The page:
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31 March 2017, 15:47
How to look out for the new £1 coin – and what to do with the obsolete ones.
The brand new, 12-sided one pound coin was phased into circulation this week. It has a secret, embedded ‘security’ feature, which for a while was kept under wraps – prompting people to try and guess what on Earth it could be.
But now the secret is out: the coin comes with an invisible secret code, printed on the Queen’s face, which proves its authenticity. The pigment is invisible to the human eye, but can be seen when you shine the specific frequency of an ultraviolet light upon it.
The Royal Mint – the body that mints coins in the UK – has claimed that the coin is the “most secure in the world”!
As the new, super secure £1 enters circulation, it leaves the old pound coin obsolete and some of those left behind are worth a little more cash than you might expect.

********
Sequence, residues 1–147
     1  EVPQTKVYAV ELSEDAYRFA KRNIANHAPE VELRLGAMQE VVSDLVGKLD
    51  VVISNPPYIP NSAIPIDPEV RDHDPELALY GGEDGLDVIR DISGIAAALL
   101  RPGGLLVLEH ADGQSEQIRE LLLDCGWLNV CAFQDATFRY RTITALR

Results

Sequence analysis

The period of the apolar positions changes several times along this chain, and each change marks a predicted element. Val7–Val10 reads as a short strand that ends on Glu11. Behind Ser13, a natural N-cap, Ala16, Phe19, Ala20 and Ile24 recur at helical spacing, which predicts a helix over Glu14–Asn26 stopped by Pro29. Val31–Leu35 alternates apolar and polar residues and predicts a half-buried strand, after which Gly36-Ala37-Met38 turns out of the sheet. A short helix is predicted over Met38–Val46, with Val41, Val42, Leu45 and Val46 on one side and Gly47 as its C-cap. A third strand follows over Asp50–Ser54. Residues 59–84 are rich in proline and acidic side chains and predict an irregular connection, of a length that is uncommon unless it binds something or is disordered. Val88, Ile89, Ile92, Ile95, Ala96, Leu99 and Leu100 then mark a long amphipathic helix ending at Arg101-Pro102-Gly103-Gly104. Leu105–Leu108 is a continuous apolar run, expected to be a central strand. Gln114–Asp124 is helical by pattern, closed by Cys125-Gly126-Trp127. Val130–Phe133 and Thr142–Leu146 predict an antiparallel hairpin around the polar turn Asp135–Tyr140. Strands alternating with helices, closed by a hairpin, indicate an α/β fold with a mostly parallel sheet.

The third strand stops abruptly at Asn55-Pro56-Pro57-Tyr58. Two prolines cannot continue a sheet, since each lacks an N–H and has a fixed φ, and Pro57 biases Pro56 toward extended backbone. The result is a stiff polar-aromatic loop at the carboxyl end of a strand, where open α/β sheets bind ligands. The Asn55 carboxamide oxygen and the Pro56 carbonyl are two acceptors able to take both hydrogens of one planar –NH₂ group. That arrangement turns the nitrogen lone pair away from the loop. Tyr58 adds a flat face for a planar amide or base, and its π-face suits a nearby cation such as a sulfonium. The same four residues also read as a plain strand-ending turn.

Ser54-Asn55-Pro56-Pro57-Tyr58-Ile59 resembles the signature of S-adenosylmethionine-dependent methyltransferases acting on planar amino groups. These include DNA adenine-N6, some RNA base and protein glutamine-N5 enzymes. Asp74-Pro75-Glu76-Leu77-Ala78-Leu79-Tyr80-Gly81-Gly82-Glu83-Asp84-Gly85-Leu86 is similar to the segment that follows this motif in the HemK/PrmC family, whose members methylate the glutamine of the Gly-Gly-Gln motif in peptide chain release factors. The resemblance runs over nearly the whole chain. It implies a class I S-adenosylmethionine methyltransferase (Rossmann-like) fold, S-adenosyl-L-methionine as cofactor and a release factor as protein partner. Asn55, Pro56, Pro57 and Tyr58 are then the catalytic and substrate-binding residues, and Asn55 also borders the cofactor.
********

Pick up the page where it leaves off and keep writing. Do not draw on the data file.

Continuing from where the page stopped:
The 2011 Cardiff City £1 coin is worth £29.50, while the 2010 London City £1 coin is worth £30. There are 1.6m of the former in circulation, and £30 of the latter. There are 935,000 of the Edinburgh City 2011 £1 coin around and they’re going for up to £31
Those relatively rare coins might not make you a millionaire, but the numbers certainly have the potential to add up! And if you do have one of the coins in question, you could be in for a treat in the future, as they’ll become more valuable in the future as they become rarer due to others of their kind being withdrawn from circulation.
You could be quids in!
If you’re really lucky, you’ll manage to get hold of some of the super-rare and super-lucrative coins. Talk about laughing all the way to bank!
At the upper end of the scale, the 2012 London Olympics Aquatics 50ps are going for up £600 and the 1983 two pence pieces are fetching around £410. So keep your eyes peeled – you might spending more than you think!